Sara Sharif was found at her home, a semi-detached property in Hammond Road, on August 10.
The father of a 10-year-old girl who was found dead in Woking is being sought by police investigating her murder and is believed to be in Pakistan.
Sara Sharif was found at her home after officers were called from Pakistan by Sara’s father, Urfan Sharif, at around 2.50am on August 10, Surrey Police said.
The discovery at the semi-detached property in Hammond Road sparked a murder probe.
Detective superintendent Mark Chapman, from the Surrey Police and Sussex Police major crime team, said Mr Sharif, his partner, Beinash Batool, and his brother, Faisal Malik, are suspects in the investigation.
He said it is believed Mr Sharif travelled to Islamabad on August 9, a day before Sara’s death was discovered, with his partner Ms Batool, and his brother Mr Malik.
They travelled with five children aged between one and 13-years old, he added.
There is no formal extradition treaty between the UK and Pakistan, but Mr Chapman said that people have been extradited from the Asian country before.
Police are working with the Crown Prosecution Service, Interpol, the National Crime Agency and Foreign Office to carry out their investigation and to liaise with Pakistani authorities.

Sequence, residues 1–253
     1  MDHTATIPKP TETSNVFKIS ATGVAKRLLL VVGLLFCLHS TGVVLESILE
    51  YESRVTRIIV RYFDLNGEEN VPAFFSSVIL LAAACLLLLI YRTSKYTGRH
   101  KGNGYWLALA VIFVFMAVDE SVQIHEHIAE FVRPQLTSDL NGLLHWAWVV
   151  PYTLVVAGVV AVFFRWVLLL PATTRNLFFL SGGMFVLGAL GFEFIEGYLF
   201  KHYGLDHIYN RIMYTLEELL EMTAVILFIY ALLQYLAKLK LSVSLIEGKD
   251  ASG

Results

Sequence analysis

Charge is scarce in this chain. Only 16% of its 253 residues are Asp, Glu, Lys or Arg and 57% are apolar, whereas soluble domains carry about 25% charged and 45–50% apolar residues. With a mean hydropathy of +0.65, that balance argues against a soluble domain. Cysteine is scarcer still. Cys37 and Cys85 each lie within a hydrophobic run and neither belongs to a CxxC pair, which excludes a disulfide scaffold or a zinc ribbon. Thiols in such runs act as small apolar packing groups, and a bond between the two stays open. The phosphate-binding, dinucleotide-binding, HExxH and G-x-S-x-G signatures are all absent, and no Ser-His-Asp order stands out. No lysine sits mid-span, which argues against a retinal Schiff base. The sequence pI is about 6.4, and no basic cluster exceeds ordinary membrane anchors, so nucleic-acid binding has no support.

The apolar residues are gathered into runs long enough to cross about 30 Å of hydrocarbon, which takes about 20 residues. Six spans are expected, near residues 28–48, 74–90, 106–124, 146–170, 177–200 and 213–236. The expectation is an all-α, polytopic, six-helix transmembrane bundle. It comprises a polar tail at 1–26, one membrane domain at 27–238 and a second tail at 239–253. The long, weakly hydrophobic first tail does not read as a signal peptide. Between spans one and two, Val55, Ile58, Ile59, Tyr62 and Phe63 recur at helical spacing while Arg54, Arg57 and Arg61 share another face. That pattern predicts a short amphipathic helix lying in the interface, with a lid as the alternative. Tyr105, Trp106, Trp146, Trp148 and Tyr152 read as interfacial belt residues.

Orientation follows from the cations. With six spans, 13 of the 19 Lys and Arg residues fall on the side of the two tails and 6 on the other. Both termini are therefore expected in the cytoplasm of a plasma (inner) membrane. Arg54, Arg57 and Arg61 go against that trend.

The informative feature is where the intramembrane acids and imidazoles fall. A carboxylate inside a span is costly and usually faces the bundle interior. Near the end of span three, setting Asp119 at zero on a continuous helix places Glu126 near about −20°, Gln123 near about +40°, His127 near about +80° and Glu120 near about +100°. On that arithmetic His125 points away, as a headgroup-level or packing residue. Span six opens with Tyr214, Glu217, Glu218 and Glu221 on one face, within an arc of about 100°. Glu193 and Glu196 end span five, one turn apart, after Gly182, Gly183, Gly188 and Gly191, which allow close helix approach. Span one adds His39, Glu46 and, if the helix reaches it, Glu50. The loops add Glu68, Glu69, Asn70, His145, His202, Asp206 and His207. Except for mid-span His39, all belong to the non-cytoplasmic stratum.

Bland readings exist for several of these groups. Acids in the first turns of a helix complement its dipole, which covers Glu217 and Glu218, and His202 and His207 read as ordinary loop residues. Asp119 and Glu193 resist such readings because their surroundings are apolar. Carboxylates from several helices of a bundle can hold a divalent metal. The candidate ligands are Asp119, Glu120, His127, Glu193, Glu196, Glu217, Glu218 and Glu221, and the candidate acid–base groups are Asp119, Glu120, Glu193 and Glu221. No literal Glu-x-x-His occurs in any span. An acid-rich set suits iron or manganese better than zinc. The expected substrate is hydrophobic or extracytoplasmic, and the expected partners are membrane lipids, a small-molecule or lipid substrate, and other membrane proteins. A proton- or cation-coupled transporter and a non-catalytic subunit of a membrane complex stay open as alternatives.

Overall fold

Officers are not looking to identify anyone else in connection with the investigation, Mr Chapman said.
Sara’s mother is being supported by specialist officers and police say the two have not been in contact.
Olga Sharif described her daughter as “an amazing child” in an interview with The Sun and told the newspaper that her life “will never be the same again”.
A post-mortem examination carried out on August 15 concluded that the cause of Sara’s death was “still to be established”, and further tests were needed.
Police are expected to remain at the property in the quiet Woking village of Horsell for “some weeks”.
Locals spoke of their shock and fear the day after the 10-year-old’s body was discovered.
Many of the flowers left on the pavement outside the house had heartfelt messages written by local families attached, while one person left a stuffed unicorn.
One note read: “Sweet girl, I’m so sorry that your sparkle was put out too soon.”